Huang, H.M. (2002). Toward constructivism. British journal of educational technology, 33(1). 27-37.

Mitchell, G.J., Cross, N., George, O., Hynie, M., Kumar, K.L., Owston, R., Sinclair, D., & Wickens, R. Complexity pedagogy and e-Learning: Emergence in Relational Networks. International research in higher education, 1(1). 206-215. doi: 10.5430/irhe.vlnlp206




Adult 640 #16: Lost in the dust…

lost in the dust
Lost in the dust..


Creating learning events is something that I’ve done for over twenty (20 years).  A good lesson is fulfilling to both the learner and the facilitator.  A great lesson is one in which the facilitator is lost in the dust.  The learning is so powerful that it greatly overshadows the teacher and engulfs the learner. My hope is to be left in the dust.  I want the learning to be the central component of this module.

What has been done…

The purpose of the module is to provide learning for educators in the College & Career Readiness program in Virginia.  I have selected this organization as a result of a previous relationship with specialists on the state level.  I am now an individual who has secure employment to provide such learning to adults.  In no way have I been instructed to create this training module by the state.  It is purely for learning purposes.

In the event that it is determined useful for professional development, it is important for evaluators to understand that a technical support staff member would integrate the module into an approved site  With this information in mind, the site, discussion board and forms are employed in order to visualize the module.

The learning module that I am creating for CCR educators is finally materializing.  (I have shared the module as well as the Google+ page with those who are participating in the course.  It can also be accessed through the course site.)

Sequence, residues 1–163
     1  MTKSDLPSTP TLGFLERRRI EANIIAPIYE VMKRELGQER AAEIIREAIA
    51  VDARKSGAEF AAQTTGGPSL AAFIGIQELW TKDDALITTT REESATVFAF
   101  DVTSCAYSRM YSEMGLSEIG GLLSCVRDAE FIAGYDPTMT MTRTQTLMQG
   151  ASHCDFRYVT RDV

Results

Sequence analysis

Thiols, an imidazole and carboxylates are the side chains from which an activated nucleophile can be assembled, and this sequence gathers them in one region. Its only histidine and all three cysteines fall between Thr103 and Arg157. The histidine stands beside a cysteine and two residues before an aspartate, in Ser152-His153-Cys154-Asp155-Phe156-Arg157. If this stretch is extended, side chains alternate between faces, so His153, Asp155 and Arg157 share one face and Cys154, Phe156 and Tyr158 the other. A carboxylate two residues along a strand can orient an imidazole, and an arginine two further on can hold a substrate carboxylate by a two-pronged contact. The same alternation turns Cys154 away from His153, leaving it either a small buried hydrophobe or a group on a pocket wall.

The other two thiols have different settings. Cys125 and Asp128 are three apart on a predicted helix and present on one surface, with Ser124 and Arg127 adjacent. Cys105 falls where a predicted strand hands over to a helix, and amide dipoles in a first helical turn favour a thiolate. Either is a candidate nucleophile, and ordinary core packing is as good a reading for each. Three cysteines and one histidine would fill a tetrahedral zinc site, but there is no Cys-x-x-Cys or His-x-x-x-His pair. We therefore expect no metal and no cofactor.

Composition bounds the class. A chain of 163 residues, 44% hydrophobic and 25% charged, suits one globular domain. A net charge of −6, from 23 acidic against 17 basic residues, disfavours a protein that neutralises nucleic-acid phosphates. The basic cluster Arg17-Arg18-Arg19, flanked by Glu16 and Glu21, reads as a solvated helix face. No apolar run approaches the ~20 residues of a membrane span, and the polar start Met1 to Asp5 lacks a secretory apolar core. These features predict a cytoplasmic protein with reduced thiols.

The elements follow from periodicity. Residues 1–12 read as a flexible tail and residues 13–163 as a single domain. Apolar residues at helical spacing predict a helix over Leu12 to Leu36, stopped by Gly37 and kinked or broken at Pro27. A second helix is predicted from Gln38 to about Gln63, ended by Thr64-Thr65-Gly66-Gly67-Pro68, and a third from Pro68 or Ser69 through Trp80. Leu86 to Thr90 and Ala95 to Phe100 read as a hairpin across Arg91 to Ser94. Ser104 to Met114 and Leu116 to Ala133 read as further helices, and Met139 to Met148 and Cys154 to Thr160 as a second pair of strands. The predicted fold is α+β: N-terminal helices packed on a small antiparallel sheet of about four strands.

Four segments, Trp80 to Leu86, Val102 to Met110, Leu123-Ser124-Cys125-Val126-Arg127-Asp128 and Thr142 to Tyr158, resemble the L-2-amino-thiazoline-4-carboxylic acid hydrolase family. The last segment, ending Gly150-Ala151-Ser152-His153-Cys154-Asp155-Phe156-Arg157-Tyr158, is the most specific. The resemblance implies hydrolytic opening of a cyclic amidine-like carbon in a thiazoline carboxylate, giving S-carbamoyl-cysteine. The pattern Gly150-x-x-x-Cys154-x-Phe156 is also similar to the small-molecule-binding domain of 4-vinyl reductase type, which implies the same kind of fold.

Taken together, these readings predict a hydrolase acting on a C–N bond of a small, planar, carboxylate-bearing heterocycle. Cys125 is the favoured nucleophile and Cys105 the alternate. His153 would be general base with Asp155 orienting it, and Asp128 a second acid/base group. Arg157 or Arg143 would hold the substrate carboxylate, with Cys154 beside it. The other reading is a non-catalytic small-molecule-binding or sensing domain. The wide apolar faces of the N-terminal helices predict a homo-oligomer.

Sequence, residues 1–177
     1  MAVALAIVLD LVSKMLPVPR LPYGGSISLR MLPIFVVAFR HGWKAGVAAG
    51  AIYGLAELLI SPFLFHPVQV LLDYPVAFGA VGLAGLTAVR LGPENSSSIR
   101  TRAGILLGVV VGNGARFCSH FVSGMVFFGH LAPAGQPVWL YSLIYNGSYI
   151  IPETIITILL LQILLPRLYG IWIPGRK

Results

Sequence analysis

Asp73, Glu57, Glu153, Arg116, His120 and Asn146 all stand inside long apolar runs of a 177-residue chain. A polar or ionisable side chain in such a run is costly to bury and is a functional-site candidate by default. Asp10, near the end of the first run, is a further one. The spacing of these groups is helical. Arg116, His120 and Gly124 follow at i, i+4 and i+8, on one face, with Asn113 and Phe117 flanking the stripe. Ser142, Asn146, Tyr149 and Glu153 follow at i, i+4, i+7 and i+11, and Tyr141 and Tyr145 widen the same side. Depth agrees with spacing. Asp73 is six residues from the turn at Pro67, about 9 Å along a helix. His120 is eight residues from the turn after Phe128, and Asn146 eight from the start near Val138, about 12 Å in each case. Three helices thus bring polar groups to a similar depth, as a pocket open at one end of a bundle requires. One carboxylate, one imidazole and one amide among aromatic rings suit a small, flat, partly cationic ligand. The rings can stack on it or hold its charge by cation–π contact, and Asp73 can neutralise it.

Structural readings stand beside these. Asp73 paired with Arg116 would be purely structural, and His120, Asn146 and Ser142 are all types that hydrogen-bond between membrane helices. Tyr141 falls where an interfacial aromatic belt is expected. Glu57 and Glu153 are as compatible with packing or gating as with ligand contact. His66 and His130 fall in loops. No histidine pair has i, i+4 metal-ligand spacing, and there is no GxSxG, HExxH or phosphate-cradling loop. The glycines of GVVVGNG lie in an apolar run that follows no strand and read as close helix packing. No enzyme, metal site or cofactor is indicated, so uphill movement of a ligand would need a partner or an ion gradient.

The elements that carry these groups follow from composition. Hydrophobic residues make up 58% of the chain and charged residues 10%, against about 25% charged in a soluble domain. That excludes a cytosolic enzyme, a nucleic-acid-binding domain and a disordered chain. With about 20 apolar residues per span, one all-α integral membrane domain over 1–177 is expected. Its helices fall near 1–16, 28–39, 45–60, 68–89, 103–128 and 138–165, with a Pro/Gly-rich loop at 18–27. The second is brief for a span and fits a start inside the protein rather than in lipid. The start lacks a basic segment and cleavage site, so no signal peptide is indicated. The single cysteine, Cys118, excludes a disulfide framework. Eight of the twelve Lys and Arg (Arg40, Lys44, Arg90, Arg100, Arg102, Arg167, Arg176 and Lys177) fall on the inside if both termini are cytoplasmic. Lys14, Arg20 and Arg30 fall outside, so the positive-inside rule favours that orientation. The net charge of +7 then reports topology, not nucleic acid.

Peer ReviewModule:  Please consider the following:

Digital Support:  if you were a technician…

  • Which components of the module would be easy to translate into an approved source?
  • Are there components that seem clunky?
  • Is there a way in which to provide instant feedback to the learner regarding the  Are You Ready? assessment that I could use right now just to show what the learner would receive?  i.e. Your Online Readiness Results with suggestions for how to proceed.Note:  I used a readiness source from UNC-Chapel Hill to help me consider how to formulate the questions for the readiness component.  The online readiness questionnaire was originally created and licensed under Creative Commons by Penn State University.
  • NOTE:  I am not thrilled with the podcast discussion between the pedagogy instructor and the andragogy instructor.  IF this module is used, I would suggest that an actual podcast is created by specialists.  It would be more meaningful to hear the voices of those with experience in the field.

Instructional Learning:  if you were a participant…

  • Does the module provide the learner with a balance of different ways in which to learn the material? (i.e. VARK) (Visual, Aural, Reading/Writing & Kinesthetic)
  • Is the module structured in such as way that the pertinent information is easily extrapolated from the page?
  • Is the module overly wordy?  If so, where?

Instructional Support:  if you were a participant…

  • Is the learner provided with adequate support in terms of
    • how to navigate through a module with ease
    • support for those with >5 strongly agree or agree with statements
  • Do I need to include a “How to” in the form of a document in addition to what is provided in the module page?

Google+ Discussion board:

  • Are discussion questions clear and easy to follow?
  • Do questions lead the participant to think more critically about their practice?
  • What are your experiences with Google+ discussion?

Technical-Support    Self-disclosure time… I am not a technical person.  I realize that a component of the TPACK lesson was the discussion of my role in terms of the technical components.  This is a weak area for me.  I am entirely self-taught, which may be self-evident when looking at the site.  I value digital learning and consider myself to be a digital resident.  It’s the first place I go for information.  I would work best in an educational setting where I did the research and handed it over to someone else.

The last component of this module, aside from making corrections based on feedback, is the creation of a screencast.  I’ve made several of them, but it’s been a while since I’ve done so.  It takes a long time to create one that appears seamless.  With that being said, I recognize that a component of digital learning is the ability to learn at one’s own pace. The kinesthetic learners are able to emulate the pattern of movement necessary to navigate the site.